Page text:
The great thing about food versus something like music is that if you imitate something great in music for a cheaper price, you wind up with a cheesy musical like Beatlemania for the bused-in matinee crowd (“Mash Hit— the incredible true story of Bobby ‘Boris’ Pickett and the making of an American Halloween classic! Tickets now on sale at the Cadillac Theater box office!”) But if you imitate a meal by Thomas Keller and Grant Achatz for a cheaper price, you get publicity like this and this.
When I read these pieces, though, I thought— $300 may be a big markdown from $1500, but that’s still putting Achatz and Keller’s cuisine way out of the average American. And is that kind of elitism what the Age of Obama is about? Hell no. If I’m going to feed my family a fancy dinner, I don’t want to have to get a government bailout to make it happen, I want to be able to get everything at my local Aldi, and still have enough change from my $20 to buy a pack of unfiltered Luckies, or some crack.
I knew there was only one American who had the culinary skills, the day and a half of training at Cordon Bleu, the dysfunctional childhood spent binging and purging to share my vision and make the Achatz-Keller meal happen at a price that’s truly family-friendly. Yes, it’s none other than Sandra Lee, of Semi-Homemade With Sandra Lee. Luckily, because of the global reach and reputation of Sky Full of Bacon, I was able to contact her and get her exclusive advice on how to make a meal every bit as beautiful as the one Keller and Achatz made with a fraction of the effort, expense, or knowledge of food. Here are some of her suggestions, which are sure to delight the whole family. To see the original dishes, go here.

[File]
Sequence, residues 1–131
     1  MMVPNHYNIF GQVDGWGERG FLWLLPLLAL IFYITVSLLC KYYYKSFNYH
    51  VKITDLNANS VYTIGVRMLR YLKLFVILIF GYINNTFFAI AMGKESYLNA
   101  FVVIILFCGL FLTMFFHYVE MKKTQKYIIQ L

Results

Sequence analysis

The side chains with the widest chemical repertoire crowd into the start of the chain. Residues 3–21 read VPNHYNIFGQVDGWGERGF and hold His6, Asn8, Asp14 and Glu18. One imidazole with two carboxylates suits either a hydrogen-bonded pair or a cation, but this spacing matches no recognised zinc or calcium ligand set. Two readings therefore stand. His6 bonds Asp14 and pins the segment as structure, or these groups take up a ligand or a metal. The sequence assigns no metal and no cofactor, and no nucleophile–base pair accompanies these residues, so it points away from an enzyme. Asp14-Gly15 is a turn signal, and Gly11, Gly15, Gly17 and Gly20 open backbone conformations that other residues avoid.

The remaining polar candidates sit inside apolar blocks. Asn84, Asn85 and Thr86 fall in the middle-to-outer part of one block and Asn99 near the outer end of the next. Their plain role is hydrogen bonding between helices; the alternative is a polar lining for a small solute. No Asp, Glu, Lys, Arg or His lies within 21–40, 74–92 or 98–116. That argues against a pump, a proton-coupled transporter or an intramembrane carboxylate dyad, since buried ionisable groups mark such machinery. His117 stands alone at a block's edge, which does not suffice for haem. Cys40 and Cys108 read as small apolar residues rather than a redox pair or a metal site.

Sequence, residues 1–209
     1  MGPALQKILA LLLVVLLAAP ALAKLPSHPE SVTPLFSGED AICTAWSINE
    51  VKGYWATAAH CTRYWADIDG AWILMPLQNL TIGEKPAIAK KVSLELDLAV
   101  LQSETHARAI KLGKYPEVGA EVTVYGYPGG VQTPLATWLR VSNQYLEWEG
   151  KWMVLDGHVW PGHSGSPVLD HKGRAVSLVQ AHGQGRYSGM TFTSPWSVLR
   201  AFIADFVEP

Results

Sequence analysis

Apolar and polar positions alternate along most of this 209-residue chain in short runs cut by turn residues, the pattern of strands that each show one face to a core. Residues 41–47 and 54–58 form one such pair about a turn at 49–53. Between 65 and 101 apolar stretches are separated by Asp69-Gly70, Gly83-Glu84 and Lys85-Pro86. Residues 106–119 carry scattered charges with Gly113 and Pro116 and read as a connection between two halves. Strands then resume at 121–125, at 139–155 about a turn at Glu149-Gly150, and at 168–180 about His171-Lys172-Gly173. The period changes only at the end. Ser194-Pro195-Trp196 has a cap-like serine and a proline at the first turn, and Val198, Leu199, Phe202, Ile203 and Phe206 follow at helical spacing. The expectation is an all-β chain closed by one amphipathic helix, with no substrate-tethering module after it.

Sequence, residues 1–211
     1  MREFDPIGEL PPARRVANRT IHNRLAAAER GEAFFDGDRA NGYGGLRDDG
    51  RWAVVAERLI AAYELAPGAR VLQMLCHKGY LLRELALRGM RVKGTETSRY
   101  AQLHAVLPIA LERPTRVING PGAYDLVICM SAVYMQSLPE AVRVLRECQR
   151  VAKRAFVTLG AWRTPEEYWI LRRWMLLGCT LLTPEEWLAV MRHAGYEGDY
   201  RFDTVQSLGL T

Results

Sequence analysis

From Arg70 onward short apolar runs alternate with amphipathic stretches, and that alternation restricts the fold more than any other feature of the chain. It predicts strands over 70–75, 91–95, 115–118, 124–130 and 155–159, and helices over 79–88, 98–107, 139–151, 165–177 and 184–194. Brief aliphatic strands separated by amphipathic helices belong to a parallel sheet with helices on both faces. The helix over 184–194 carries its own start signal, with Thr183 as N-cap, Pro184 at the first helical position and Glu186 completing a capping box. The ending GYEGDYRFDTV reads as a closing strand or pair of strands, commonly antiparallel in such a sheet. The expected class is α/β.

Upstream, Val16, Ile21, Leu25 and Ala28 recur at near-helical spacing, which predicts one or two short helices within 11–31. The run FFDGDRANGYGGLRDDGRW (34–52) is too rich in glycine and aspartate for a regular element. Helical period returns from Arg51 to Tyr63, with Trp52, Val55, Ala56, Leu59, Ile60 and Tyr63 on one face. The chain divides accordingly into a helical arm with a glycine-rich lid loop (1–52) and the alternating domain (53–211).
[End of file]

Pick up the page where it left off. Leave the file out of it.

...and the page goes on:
Cornet of Salmon: “This is basically an ice cream cone with fish in it. Well, who has time to fish for salmon? Fish sticks are a family favorite, just put them on a vanilla wafer with a dash of onion powder. I call it Jaws On a Surfboard. Doesn’t that sound like more fun to eat?”
Prawn with yuba, miso and orange peel: “It’s too hard threading shrimp onto one of Alinea’s fancy little pieces of metal, and then wrapping orange peel around it. I just take an Orange Dreamsicle and then stick shrimp onto it with frosting from a tube. Sprinkle with seasoned salt and your family will love the presentation and the taste!”
Caviar on lemon gelee with califlower: “Caviar! Who has time for that? Just wet some instant mashed potato flakes and roll Lemonheads in them. Everybody will get a big kick out of discovering what’s inside.”
Black Truffle Explosion: “My chocolate truffles work great in this. Just stick in the microwave and boom!”
Hot Potato/Cold Potato: “This is where smart shopping can save you money and time. You’ve already got the instant mashed potato flakes, so follow the instructions on the box to prepare a cup’s worth. Then just stir in some T.G.I.Friday’s Potato Skins– they’re from the freezer section so they’re already cold! That’s precious time you can spend with your family instead of slaving in the kitchen all day, cooling things.”
Hen Egg Custard With Ragout Of Black Winter Truffles: “I have news for those fancypants chefs— eggs only come from hens! So if you paid extra for that, you got gypped! (No offense to Gyp-Americans.) A Jell-O pudding cup with one of my truffles in it works just fine. I loved those pudding commercials with Bill Cosby, didn’t you?”
Wild Striped Bass with camomile, shellfish, ginger: “Kids love fish sticks— and they’ll double-love them when they’re striped with peanut butter and jelly. To save time, buy the kind that has the peanut butter and the jelly in the same jar! That’s how you let your family know you really care about their happiness.”